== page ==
In addition, and quite significantly, he attached the Certificate of Relief from Disabilities issued him by the Board of Parole. The Certificate had been issued on August 29, 2007, after petitioner's interview had been held but before his application had been denied. While petitioner asserts in his petition (at ¶19) that he submitted the Certificate "in support of his application", he suggests in his affidavit (at ¶8) that he first submitted it in response to the denial letter, and Ms. Kay unequivocally attests that she did not review it as part of petitioner's application before she rendered her March 3, 2008 denial (see Kay Aff. at ¶16). In any event, the DOE in its March 3, 2008 denial letter explicitly advised petitioner of his right to submit additional relevant information, and respondent does not dispute that the Certificate of Disabilities falls into that category. However, the BOE never responded to petitioner's post-denial submission, and it appears that it never considered the Certificate. 

The Decision Denying Petitioner's Application is Arbitrary and Capricious
While the Board of Education has a certain amount of discretion in determining whether to hire a teacher, the decision must be annulled where, as here, it is arbitrary and capricious and fails to properly consider all the factors required by law. Arrocha, 93 NY2d at 363. As the Court of Appeals emphasized in Bonacorsa v Van Lindt, 71 NY2d 605, 611 (1988), "Article 23-A of the Correction Law was enacted in 1976 in an attempt to eliminate the effect of bias against ex-offenders which prevented them from obtaining employment. ... [The law] sought to remove this obstacle to employment by imposing an obligation on employers and public agencies to deal equitably with ex-[*5]offenders while also protecting society's interest in assuring performance by reliable and trustworthy persons." To that end, "the statute sets out a broad general rule" barring potential employers from denying employment solely based on the applicant's status as an ex-offender unless one of the two exceptions noted above applies: a "direct relationship" exists between the crime and the employment, or the applicant's employment poses an "unreasonable risk" to individuals or the community. 71 NY2d at 611-612.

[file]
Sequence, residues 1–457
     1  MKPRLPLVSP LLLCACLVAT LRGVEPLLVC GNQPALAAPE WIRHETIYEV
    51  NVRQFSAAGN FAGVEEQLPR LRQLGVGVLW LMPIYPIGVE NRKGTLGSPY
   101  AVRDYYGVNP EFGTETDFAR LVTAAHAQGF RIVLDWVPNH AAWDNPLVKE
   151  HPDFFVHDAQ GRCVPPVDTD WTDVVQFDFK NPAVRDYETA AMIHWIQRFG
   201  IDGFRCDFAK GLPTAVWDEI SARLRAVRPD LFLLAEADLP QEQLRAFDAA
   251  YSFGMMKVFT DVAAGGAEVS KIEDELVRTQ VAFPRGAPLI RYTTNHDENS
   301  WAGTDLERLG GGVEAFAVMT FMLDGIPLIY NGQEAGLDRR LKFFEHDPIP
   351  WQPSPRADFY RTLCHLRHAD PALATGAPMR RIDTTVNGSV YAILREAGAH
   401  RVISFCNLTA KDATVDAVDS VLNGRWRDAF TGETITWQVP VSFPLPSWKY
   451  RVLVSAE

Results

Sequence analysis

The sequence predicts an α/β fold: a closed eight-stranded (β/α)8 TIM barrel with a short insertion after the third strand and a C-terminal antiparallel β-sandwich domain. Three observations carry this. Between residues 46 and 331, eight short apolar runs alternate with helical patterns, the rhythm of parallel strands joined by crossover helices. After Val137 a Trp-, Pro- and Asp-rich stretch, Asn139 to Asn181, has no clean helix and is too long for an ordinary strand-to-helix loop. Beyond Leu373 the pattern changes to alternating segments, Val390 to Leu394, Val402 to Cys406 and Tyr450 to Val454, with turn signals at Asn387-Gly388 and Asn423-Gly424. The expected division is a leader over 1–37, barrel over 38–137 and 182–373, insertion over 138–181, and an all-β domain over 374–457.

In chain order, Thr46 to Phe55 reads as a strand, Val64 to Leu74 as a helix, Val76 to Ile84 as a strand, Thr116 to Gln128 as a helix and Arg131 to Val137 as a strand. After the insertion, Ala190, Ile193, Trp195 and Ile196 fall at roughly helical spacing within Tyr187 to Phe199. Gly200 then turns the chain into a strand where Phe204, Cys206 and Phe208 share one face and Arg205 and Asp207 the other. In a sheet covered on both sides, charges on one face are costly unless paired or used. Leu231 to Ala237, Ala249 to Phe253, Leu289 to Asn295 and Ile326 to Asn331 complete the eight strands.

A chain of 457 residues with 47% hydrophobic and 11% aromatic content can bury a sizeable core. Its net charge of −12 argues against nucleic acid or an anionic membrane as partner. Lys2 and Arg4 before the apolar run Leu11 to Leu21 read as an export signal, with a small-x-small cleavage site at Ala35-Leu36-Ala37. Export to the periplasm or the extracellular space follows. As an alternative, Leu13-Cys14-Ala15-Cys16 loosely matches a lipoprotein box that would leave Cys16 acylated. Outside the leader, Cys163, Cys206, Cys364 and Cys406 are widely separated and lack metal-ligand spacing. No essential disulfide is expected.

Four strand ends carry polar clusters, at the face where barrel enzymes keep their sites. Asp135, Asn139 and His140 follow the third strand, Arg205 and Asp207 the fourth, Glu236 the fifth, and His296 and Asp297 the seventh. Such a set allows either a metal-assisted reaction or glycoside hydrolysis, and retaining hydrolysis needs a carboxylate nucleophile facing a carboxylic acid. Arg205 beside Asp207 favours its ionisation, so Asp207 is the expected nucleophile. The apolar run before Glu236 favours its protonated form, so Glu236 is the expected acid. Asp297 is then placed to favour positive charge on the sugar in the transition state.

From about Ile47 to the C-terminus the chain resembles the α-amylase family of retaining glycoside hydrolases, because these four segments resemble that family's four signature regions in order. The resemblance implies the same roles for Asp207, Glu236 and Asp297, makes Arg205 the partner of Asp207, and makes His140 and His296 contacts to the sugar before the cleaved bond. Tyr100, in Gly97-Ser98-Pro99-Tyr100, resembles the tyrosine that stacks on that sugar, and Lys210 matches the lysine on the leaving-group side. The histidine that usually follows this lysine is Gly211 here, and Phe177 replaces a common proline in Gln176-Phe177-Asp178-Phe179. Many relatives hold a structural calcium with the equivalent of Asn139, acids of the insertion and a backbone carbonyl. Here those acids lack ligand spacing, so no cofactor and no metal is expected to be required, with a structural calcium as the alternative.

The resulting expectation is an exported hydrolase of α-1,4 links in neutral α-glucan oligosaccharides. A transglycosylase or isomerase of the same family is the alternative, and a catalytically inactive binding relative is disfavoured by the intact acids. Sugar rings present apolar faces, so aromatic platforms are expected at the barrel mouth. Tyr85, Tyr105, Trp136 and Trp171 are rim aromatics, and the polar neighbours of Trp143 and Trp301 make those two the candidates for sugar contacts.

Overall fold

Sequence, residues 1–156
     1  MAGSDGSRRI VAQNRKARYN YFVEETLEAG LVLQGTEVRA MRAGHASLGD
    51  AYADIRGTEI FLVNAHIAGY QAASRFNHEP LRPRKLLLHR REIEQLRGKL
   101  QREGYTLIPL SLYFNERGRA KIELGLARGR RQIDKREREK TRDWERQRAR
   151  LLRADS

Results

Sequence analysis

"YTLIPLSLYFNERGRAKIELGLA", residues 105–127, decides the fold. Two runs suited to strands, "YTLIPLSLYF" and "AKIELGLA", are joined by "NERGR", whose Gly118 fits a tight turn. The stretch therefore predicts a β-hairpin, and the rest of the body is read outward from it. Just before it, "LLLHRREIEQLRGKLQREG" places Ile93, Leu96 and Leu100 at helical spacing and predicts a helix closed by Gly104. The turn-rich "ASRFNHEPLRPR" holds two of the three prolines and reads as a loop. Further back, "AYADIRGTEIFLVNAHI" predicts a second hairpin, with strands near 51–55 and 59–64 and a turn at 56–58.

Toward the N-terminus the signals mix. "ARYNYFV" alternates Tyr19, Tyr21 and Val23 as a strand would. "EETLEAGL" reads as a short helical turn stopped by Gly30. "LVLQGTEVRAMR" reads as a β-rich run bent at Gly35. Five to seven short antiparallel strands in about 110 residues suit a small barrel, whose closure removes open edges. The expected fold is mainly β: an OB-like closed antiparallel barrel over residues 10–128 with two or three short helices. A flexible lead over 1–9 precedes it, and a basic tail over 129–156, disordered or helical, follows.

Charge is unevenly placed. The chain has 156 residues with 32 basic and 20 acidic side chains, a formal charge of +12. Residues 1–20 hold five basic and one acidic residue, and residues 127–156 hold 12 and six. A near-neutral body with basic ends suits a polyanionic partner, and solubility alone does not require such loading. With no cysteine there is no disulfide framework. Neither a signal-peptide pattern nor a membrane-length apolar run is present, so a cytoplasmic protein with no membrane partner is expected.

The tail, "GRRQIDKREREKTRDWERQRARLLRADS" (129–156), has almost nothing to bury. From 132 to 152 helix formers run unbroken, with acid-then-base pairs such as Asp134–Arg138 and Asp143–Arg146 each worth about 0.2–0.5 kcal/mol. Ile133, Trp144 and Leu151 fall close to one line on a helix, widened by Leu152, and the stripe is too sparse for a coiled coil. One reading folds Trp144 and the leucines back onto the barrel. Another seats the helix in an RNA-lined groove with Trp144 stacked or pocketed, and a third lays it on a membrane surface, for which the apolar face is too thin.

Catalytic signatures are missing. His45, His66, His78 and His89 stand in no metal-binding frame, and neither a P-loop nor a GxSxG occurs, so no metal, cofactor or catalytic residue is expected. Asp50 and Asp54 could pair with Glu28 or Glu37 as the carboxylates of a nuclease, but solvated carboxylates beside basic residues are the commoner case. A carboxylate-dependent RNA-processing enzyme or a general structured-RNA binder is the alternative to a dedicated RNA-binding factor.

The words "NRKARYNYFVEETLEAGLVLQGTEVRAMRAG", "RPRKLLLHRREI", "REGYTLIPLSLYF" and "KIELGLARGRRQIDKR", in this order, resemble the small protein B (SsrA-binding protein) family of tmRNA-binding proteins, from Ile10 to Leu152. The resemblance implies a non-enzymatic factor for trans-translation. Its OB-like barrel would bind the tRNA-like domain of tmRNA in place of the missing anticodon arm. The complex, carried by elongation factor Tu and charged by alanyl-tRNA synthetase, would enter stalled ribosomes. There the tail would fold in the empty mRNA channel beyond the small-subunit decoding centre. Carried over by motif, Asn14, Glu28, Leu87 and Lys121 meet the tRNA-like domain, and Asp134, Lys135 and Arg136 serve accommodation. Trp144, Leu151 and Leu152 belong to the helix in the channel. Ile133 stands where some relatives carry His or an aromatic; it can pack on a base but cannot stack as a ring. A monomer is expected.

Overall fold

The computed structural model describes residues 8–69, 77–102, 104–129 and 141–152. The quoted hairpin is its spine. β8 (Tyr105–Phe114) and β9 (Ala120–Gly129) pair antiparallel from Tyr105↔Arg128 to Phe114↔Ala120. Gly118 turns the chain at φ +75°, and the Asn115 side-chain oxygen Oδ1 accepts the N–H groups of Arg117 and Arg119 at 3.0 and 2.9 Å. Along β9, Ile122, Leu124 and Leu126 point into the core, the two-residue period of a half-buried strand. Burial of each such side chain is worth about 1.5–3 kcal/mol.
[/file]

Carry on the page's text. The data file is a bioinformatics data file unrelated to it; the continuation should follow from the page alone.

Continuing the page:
Relying on Arrocha, supra, respondent Board of Education argues in the case at bar that it properly denied petitioner's substitute teacher application based on its finding that, in light of petitioner's criminal history, he posed an "unreasonable risk" to the students. It correctly notes that a finding of unreasonable risk "depends upon a subjective analysis of a variety of considerations relating to the nature of the license or employment sought and the prior misconduct." Arrocha, quoting Bonacorsa, 71 NY2d at 612. It further argues that it considered the statutory factors listed above which it was required to consider under Correction Law §753.